After the young man had completed all of his academic studies he still was not of legal age to practice law, and so at the urging of his uncle, he decided to take on the best players in America at the 1857 U.S. Chess Congress. He defeated all the strong competition, including the German Master Louis Paulsen in the final round, and was hailed as the best player in the whole United States at the age of twenty. The people loved him. In the December 1857 issue of Chess Monthly it was stated that “his genial disposition, his unaffected modesty and gentlemanly courtesy have endeared him to all his acquaintances.” Still unable to start a law career Paul decided to travel to Europe and challenge all of the best Masters throughout the world.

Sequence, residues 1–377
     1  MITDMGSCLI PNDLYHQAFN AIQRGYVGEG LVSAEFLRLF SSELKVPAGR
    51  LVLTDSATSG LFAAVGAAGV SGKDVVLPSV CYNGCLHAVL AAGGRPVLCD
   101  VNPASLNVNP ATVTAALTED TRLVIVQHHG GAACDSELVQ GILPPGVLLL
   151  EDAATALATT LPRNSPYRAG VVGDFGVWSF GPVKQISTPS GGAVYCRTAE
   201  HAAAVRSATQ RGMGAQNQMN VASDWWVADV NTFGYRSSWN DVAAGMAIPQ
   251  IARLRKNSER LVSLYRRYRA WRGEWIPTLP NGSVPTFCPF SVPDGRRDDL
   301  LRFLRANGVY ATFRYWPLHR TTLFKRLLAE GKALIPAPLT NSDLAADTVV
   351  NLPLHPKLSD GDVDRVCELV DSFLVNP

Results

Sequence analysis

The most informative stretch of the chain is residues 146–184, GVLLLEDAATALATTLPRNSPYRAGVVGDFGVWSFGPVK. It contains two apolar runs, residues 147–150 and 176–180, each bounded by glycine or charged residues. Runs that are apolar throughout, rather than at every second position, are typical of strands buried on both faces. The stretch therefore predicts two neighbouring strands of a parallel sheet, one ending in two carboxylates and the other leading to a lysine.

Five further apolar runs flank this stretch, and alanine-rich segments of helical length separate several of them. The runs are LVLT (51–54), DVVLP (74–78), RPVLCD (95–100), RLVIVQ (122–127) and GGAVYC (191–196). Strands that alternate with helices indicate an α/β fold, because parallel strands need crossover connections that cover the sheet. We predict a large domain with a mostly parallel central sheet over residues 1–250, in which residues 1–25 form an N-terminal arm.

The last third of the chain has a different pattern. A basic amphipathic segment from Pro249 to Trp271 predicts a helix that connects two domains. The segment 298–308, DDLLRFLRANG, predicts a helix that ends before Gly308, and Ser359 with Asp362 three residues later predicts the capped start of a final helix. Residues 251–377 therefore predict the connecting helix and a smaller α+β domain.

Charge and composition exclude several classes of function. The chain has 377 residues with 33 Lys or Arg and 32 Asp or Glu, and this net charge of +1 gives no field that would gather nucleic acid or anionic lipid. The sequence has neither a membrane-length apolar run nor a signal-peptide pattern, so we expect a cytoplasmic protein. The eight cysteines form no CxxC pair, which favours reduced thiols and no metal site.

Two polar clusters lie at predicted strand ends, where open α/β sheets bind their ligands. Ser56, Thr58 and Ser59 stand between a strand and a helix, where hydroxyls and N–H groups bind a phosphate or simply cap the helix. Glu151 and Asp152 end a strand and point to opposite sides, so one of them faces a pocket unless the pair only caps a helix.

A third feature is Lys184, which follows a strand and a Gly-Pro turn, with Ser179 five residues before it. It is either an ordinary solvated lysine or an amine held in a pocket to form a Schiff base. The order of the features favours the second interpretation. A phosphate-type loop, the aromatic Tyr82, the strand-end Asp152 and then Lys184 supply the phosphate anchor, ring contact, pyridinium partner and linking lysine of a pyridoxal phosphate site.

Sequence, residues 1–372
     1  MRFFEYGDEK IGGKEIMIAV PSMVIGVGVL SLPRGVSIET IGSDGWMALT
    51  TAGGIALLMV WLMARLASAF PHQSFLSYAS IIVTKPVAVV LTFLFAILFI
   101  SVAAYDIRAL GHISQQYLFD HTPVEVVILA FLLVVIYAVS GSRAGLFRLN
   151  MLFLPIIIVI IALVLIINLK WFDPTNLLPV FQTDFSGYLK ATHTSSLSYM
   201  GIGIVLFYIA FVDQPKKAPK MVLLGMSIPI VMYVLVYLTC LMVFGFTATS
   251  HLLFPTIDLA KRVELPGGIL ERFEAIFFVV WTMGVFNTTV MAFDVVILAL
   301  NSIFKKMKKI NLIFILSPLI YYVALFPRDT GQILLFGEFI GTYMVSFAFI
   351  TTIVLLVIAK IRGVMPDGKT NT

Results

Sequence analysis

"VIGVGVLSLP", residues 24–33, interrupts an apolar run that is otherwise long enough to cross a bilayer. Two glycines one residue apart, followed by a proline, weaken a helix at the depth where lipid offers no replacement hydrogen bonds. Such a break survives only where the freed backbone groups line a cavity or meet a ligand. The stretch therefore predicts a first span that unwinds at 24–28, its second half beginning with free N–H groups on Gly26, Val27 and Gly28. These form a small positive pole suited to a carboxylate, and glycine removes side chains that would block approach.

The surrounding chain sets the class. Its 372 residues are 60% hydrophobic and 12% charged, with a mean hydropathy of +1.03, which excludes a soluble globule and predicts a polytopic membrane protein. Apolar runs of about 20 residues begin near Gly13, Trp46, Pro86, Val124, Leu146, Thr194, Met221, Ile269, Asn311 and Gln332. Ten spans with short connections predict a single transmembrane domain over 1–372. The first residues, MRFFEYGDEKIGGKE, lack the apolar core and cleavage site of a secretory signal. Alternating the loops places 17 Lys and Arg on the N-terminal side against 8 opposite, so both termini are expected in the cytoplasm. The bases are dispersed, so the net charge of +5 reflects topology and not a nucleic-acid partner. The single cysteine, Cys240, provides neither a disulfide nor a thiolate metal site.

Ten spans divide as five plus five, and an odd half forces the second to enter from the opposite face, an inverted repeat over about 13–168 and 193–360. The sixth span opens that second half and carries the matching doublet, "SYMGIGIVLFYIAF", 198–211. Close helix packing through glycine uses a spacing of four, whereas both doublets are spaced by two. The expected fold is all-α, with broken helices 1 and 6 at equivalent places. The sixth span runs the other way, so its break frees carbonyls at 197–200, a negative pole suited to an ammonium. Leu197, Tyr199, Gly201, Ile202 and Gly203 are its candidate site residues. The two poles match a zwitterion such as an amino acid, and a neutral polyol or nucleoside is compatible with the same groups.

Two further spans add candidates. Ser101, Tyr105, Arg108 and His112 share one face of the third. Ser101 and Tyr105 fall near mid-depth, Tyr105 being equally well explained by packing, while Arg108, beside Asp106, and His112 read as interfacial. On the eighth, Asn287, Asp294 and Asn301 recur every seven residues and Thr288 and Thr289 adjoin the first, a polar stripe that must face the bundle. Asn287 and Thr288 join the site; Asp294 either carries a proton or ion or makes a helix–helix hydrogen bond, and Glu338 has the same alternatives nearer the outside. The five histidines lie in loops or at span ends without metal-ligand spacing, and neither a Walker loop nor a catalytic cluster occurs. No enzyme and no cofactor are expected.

In 1858, Morphy met and defeated every great European player except Howard Staunton. He even played a match with a German Master Adolf Anderssen while severely ill with influenza, and won handily. Paul also gave multiple blindfold and simultaneous chess exhibitions while in both Britain and France. Morphy was never able however, to play a series of games against the Englishman Howard Staunton, who was at the time considered the best player in the world; though it was not for lack of effort. Staunton knew that he would be beat because he was well past his prime, so he simply avoided Morphy at all costs for the better part of a year. After these victories, Morphy was for a time believed to be the finest player in the world, and is still considered one of two unofficial World Chess Champions (Staunton and Morphy.) After his return from Europe, he infrequently played matches where the opponent received knight and rook odds; winning with very few exceptions. Morphy officially retired from chess in 1863.